Parabolic Side Tables I, II and IIIParabolic Side Tables I, II and III
Parabolic Side Tables I, II and III
The Parabolic Study tables are the result of a period of research and experimentation into methods of dynamic casting, attempting to develop completely new casting processes in which the mould is not a fixed constant in the production of a piece, but is encouraged to change and therefore alter each piece.
Inspired by the design and modelling methods of the architect Antoni Gaudi, whom, in his pursuit of a new architectural language derived from natural forms, led him to explore complex ruled geometrical forms such as the helicoid and the hyperbolic paraboloid. He would equate the helicoid to movement and the latter to light transfigured into stone.
Concerning ruled surfaces he said :
“Paraboloids, hyperboloids and helicoids, constantly varying the incidence of the light, are rich in matrices themselves, which make ornamentation and even modelling unnecessary”
Without access to modern digital means of rendering these incredibly complex shapes he developed modelling processes using weighted string and chain. Whilst Palmer is working in a time when anything can be modelled and manufactured digitally, he avoids this as it precludes the opportunity for random chance that hand making presents.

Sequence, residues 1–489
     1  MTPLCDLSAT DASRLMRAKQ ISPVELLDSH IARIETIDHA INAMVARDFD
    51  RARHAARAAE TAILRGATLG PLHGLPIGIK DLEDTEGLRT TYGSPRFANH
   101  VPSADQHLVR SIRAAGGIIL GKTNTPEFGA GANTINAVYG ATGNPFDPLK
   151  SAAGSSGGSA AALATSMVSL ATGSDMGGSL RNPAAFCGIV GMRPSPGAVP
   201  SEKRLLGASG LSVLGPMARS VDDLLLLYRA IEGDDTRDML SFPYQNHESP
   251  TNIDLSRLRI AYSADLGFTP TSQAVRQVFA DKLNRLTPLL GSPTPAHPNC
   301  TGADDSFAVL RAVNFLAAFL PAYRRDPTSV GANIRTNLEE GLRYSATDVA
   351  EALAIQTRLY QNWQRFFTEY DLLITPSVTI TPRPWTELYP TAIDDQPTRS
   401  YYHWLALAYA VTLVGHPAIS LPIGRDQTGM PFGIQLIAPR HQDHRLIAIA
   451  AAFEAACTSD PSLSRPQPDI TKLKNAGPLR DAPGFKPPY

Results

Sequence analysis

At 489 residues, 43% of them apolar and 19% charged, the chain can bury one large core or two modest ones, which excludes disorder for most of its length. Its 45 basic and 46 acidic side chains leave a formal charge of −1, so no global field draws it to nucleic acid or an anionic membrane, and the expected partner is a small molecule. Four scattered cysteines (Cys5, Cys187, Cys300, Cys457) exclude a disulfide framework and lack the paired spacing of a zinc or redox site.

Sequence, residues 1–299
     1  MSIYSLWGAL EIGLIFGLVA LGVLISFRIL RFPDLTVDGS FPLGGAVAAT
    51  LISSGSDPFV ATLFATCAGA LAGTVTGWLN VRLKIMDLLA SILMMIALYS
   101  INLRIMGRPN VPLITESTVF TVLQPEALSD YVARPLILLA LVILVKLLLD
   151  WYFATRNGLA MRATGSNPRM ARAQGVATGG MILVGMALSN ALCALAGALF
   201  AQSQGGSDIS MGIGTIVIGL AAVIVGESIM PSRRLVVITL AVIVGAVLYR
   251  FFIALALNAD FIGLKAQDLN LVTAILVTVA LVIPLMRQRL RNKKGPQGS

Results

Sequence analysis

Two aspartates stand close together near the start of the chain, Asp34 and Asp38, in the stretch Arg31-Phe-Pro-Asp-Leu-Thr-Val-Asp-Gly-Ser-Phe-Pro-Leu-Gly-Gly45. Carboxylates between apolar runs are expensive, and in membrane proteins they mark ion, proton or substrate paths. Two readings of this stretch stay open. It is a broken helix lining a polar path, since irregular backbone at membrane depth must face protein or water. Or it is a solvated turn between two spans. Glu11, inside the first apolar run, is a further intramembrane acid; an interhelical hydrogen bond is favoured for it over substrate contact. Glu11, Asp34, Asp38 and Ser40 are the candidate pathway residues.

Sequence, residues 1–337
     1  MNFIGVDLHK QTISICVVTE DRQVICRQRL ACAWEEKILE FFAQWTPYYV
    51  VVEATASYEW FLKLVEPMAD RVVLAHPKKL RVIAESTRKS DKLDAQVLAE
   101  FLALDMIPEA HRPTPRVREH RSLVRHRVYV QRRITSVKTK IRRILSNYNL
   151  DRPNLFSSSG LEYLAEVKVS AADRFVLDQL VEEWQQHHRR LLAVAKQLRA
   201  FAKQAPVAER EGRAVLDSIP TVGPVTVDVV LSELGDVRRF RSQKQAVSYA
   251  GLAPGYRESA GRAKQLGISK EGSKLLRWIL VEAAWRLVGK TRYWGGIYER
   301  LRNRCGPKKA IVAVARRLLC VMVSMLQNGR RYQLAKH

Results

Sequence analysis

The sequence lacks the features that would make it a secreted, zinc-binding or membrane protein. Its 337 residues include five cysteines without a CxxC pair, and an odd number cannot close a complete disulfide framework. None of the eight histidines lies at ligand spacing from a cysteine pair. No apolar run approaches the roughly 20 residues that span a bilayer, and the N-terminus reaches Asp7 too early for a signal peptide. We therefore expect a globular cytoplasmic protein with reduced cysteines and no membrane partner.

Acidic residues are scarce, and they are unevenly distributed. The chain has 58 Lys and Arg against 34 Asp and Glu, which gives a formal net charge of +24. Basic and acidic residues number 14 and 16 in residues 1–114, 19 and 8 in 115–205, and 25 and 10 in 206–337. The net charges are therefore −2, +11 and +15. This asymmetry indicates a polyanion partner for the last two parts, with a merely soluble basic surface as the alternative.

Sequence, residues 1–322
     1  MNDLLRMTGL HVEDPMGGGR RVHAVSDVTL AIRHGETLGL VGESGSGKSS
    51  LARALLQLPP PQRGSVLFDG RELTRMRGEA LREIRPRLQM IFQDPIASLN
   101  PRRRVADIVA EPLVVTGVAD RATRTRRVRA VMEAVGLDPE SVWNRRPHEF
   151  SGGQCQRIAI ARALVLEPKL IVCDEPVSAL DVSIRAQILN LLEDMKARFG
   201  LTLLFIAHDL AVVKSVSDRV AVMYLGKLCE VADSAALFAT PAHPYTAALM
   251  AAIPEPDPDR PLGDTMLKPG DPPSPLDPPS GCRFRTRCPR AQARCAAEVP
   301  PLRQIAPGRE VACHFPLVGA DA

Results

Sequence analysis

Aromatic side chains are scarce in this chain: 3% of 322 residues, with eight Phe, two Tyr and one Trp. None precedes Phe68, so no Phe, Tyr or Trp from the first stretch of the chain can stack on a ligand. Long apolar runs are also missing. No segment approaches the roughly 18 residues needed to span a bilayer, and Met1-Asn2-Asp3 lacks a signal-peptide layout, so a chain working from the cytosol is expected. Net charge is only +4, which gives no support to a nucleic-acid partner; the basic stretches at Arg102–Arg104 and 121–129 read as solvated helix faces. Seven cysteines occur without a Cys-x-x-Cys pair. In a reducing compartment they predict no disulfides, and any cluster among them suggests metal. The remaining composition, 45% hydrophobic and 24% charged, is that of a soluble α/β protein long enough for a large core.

After extensive materials research on different moulding materials Palmer alighted upon the perfect medium from an unlikely source, polished latex sheet from a fetish wear supplier, as it offered the perfect combination of properties, extreme stretch and malleability and surface shine. Once stretched across a wooden framework, he found he could distort and manipulate the latex into these extraordinary geometrical forms using steel plates and super-strong rare earth magnets. This process allows him to generate a new form from each cast, simply by changing the variable that is the position of the magnet.
He then used this mould to cast a form using the same traditional technique as you would cast ornate plasterwork but, instead of plaster and hessian, using the polymer casting material Jesmonite and fibreglass.
And so it becomes possible to transfigure a complex abstract concept and form, such as a hyperbolic paraboloid into a physical object by profoundly analogue means.